5 Scariest movies ever

I’ve always been a massive fan of horror. Ever since I was little I was fascinated with the occult and the unexplained. I used to sit up late at night as a child watching Horror movies. Chucky was always a favourite, as was Stephen kings IT. The latter in particular used to scare the crap out of me! Call me weird but I actually enjoy being scared. There’s just something exciting about that feeling of not quite being in control. Knowing that anything could happen. For me the horror genre will always be the best. I also think it’s the most difficult to get right.After all how often do modern day horror films get good publicity? Rarely I reckon. Subsequently horror often comes across cheesy or over the top. For me the scariest films are the ones which have the biggest impact. The ones which really disturb and get under the skin! It takes a lot to scare me and as such my list of top 5 is very personal. Whilst you may disagree which some (if not all) of the movies concerned, these are the horror movies which have the biggest impact on me. I hope you enjoy.

5. Whistle and I’ll Come to You (2010).

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Coming in a number five is a short and perhaps unknown british film called ‘Whistle and I’ll Come to You’. This may seem a little controversial and you may be wondering why it is in my top five but bare with me. I talk a lot about the effect films have on me and whilst this may not come under the traditional horror genre, it is a particularly scary film. I don’t want to spoil too much if you haven’t seen it but basically the film follows an elderly academic who following placing his sick wife Into residential care goes to stay at a deserted out of season hotel that they used to frequent together. The academic takes a daily walk down to a deserted beach and on each occasion sees a creepy apparition which he can’t seem to get away from. Upon returning back to the empty hotel each night he is plagued by noises and banging at the door. He is seemingly being haunted, but by whom is the twist in the story. This is an absolutely excellent short movie which strongly plays with the idea of isolation and challenges everything the lead character believes about the world. The ending scene is utterly shocking and I challenge any person to watch this film on their own with the light off. This is by no means a big budget production but promises to leave a lasting effect.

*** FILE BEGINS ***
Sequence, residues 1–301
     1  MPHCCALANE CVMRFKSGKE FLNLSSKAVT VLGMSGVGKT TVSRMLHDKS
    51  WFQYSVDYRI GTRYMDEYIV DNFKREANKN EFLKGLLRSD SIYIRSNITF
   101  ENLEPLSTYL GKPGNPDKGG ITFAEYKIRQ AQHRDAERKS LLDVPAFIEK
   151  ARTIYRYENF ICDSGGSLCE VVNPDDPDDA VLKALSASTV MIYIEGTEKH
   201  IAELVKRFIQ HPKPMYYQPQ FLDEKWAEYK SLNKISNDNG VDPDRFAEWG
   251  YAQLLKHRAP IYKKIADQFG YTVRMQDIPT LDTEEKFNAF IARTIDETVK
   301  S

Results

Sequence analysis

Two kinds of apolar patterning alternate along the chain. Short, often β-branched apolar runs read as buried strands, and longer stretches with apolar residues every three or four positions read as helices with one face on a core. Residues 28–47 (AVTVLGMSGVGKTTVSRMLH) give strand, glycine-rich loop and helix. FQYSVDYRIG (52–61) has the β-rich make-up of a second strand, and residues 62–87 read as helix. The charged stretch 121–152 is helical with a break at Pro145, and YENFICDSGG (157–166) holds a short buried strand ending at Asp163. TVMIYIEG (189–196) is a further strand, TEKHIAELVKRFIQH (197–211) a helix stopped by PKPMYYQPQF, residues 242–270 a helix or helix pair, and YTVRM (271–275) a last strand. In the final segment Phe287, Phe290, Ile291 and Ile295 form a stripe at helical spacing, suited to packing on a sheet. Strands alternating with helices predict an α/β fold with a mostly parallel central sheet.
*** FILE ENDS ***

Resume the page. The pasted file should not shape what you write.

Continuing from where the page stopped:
4. The shining

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No top five list would be complete without The Shining, and of course I am not making an exception. For me this is one of the ultimate haunted house movies and features Jack Nicholson at his absolute craziest (and best!). The story follows Jack Torrence who takes up the roll of winter caretaker at the Spooky Overlook hotel. Unpredictably the Overlook is built on an ancient Indian burial ground and as such houses it’s own collection of messed up spirits. The story portrays a deep feeling of isolation and plays with the idea of a father slowly going mad and losing his grasp on reality. Torrence eventually follows in the footsteps of his predecessor and attempts to bludgeon his family. If you have seen The Shining before then of course you will always remember those creepy murdered daughters of the former caretaker and those disturbing elevators filled with blood. Let’s also not forget those frankly horrific patterned carpets! What the movie does particularly well is create a powerful feeling of isolation and this greatly adds to the appeal. If you haven’t seen the Shining then give yourself a slap around the face and get it sorted!